Two field studies, using multi-source and multi-wave data, indicated that teamwork quality was positively related to team idea implementation via team creativity, particularly when team supervisors revealed moral courage to go beyond compliance. When supervisors lacked such courage, teams struggled to develop creative ideas and to implement them. Robustness checks and tests of alternative theoretical explanations indicated that the model and findings are robust.

From a theoretical perspective, the findings indicate that, due to its empowering and promotion focused orientation, supervisors’ courage to go beyond compliance has relevance for the teamwork and team innovation domains, playing an important moderating role in defining whether quality teamwork leads to enhanced team creativity and team idea implementation.

Carlos Ferreira Peralta, Maria Francisca Saldanha, Paulo Nuno Lopes, Paulo Renato Lourenço & Leonor Pais. 2021. Does Supervisor’s Moral Courage to Go Beyond Compliance Have a Role in the Relationships Between Teamwork Quality, Team Creativity, and Team Idea Implementation?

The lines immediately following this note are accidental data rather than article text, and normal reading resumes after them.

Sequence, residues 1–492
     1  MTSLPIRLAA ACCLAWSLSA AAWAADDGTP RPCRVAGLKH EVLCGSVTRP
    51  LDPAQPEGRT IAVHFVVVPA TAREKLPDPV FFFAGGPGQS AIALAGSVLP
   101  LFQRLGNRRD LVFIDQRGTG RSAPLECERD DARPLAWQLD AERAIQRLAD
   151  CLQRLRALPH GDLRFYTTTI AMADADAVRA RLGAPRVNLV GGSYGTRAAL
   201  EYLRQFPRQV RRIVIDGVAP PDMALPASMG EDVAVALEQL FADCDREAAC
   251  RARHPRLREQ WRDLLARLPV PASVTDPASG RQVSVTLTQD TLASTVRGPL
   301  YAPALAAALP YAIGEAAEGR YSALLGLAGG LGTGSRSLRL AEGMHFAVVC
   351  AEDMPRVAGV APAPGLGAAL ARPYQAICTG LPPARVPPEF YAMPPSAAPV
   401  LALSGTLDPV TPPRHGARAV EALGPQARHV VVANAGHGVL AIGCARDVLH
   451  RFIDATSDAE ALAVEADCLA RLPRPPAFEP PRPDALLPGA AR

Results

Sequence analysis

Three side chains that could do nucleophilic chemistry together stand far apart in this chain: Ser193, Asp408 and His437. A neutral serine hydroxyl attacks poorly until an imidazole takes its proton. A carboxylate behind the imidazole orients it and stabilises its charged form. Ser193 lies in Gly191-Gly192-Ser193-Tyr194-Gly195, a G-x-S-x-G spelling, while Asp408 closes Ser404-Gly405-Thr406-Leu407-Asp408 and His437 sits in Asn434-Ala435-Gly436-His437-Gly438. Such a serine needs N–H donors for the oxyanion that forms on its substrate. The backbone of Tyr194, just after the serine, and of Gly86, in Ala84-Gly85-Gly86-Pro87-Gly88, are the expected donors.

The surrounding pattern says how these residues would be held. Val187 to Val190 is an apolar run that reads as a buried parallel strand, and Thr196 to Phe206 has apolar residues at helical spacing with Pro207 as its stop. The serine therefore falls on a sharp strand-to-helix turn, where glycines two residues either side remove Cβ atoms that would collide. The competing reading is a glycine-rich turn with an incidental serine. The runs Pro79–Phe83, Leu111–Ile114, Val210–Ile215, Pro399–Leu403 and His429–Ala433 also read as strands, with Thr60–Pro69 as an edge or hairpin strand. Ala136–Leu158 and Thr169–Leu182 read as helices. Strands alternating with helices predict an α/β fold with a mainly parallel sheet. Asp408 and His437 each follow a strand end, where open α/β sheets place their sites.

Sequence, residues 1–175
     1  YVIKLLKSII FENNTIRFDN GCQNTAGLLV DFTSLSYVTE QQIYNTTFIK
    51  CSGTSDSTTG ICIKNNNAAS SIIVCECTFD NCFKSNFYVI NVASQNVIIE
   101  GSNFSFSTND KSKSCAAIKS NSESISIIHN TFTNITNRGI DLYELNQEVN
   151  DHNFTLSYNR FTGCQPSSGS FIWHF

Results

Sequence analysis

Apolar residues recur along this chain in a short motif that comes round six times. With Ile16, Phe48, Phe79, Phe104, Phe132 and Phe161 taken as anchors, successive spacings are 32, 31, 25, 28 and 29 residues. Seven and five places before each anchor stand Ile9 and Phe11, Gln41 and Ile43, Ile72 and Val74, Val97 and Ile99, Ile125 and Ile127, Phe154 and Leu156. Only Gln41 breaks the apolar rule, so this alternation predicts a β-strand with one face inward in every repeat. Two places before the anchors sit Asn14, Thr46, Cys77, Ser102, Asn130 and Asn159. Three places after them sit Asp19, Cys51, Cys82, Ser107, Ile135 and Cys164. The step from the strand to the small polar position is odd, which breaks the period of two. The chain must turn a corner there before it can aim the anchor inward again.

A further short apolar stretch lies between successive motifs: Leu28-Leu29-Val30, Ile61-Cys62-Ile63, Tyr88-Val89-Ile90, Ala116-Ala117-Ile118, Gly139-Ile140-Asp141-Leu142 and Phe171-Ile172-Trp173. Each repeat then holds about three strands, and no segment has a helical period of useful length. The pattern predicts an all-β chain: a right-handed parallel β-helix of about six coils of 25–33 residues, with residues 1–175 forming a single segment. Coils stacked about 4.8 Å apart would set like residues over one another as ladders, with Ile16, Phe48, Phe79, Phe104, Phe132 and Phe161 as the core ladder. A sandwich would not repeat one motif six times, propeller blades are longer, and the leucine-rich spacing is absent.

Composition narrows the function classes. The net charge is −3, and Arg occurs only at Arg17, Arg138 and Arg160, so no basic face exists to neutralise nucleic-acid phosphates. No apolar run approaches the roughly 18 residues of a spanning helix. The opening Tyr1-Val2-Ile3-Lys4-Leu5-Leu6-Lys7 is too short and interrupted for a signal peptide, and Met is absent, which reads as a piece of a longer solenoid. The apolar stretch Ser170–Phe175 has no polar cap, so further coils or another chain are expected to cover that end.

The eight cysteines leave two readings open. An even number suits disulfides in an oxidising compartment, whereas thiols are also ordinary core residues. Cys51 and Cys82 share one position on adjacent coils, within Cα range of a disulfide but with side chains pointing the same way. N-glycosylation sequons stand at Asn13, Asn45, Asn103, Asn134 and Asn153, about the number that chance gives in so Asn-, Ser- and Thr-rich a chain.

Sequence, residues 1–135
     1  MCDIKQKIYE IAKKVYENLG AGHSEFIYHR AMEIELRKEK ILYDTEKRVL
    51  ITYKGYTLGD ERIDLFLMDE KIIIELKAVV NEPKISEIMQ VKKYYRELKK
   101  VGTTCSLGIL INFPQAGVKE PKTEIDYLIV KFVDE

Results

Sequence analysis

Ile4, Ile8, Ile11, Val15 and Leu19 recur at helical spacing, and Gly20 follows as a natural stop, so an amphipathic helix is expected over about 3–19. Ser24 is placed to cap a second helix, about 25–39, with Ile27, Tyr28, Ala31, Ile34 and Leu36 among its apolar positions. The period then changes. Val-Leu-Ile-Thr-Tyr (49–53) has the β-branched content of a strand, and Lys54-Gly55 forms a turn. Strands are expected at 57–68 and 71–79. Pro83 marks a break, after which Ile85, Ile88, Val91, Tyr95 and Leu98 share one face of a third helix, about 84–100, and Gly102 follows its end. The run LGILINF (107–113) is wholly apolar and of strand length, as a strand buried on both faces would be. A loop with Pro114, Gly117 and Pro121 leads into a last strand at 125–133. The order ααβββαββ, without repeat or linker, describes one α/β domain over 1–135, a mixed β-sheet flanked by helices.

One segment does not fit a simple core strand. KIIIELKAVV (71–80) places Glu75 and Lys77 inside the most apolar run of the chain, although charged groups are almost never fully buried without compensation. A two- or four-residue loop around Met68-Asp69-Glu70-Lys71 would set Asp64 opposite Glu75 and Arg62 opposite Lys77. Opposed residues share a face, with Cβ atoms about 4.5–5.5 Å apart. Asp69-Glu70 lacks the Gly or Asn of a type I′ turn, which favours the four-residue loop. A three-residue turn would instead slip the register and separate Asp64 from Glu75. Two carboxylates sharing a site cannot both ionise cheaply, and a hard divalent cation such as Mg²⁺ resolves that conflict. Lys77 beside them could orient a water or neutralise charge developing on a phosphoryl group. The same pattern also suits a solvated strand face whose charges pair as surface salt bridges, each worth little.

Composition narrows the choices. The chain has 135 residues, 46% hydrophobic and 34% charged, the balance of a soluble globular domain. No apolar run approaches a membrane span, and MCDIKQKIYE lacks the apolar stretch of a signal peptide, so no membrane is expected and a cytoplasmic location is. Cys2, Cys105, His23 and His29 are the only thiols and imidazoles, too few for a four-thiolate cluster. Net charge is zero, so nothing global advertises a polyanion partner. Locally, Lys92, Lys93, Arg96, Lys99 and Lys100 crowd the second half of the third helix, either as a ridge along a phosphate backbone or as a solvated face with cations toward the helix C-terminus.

Insubordinate responses to unethical supervisory treatment
Research that examines unethical interpersonal treatment has received a great deal of attention from scholars and practitioners in recent years due to the remarkable impact of mistreatment in the workplace. However, the literature is incomplete because we have an inadequate understanding of insubordination, which the authors define as “subordinates’ disobedient behaviours that intentionally exhibit a defiant refusal of their supervisors’ authority.”

In this study, the authors integrate social exchange theory and the advantageous comparison component of moral disengagement within the integrative model of experiencing and responding to mistreatment at work. Then, the authors explain why subordinates disengage from moral control as they balance experiencing abusive supervision with perpetrating insubordination within negative supervisor–subordinate social exchange relationships.